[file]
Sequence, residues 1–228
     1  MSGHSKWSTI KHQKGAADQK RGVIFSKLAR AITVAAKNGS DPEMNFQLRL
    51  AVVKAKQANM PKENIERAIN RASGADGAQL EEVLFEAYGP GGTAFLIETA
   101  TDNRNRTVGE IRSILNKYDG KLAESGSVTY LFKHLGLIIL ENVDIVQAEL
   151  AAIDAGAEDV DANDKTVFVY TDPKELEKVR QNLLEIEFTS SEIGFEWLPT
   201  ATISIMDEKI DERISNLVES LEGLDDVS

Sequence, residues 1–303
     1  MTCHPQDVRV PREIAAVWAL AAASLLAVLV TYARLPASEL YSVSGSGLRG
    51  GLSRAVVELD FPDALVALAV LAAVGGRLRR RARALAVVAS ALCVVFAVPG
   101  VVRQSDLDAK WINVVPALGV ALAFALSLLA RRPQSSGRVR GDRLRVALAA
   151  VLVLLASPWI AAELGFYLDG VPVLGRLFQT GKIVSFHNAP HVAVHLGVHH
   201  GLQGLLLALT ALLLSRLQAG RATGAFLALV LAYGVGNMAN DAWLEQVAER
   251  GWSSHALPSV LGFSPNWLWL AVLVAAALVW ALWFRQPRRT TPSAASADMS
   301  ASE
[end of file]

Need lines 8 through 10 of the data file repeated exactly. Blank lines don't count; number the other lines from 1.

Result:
     1  MTCHPQDVRV PREIAAVWAL AAASLLAVLV TYARLPASEL YSVSGSGLRG
    51  GLSRAVVELD FPDALVALAV LAAVGGRLRR RARALAVVAS ALCVVFAVPG
   101  VVRQSDLDAK WINVVPALGV ALAFALSLLA RRPQSSGRVR GDRLRVALAA